They were the performances that nearly broke Twitter: Andrew Wiggins's no-show against Stanford. Shabazz Napier's combined 49 points against Saint Joseph's and Villanova. Jabari Parker's porous defense against Mercer. If social media chatter influenced NBA front offices, draft stocks during the NCAA tournament's opening weekend were more volatile than the bitcoin market.
But that's not the case. "One game has no impact," says an Eastern Conference assistant GM. "Teams are gearing an entire defense toward one guy for one game. You don't judge a guy on that. You judge him on what you have seen for the last six months. It didn't matter what Wiggins or Parker did in the tournament. They are still going to go in the top three."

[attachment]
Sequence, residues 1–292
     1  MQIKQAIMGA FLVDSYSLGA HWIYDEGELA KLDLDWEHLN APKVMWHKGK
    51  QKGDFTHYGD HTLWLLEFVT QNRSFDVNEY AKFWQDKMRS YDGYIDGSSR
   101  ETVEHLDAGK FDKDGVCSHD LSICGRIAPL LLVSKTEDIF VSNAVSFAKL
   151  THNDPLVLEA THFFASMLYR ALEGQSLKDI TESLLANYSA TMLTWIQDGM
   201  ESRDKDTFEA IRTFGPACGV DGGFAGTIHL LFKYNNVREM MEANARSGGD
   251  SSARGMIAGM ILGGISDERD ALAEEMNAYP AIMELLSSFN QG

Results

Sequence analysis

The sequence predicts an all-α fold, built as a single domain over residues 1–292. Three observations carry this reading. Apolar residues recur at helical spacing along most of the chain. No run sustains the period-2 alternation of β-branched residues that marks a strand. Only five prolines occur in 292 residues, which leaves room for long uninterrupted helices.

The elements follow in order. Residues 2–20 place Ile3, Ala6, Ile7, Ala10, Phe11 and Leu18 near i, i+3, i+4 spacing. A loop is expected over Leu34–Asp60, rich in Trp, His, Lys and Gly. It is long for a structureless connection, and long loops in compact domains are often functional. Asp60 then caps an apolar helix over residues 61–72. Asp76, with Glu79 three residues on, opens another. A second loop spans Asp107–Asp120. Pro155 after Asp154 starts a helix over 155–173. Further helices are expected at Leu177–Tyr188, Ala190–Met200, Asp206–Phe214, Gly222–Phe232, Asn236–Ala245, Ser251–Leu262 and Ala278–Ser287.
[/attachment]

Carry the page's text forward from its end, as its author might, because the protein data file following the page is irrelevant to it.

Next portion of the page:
Still, a player who puts together a string of strong games can enhance his stock. Connecticut's Napier—projected to be drafted 25th to 50th in a crowded class of point guards—has gained new supporters. "He plays with big balls out there," says an Eastern Conference executive. So has Michigan shooting guard Nik Stauskas, who made 46.7% of his threes in wins over Wofford and Texas. "I watch closely how players play under pressure," says a Western Conference executive. "A guy that steps up and helps his team win in big games, that's someone I'll definitely take a longer look at."
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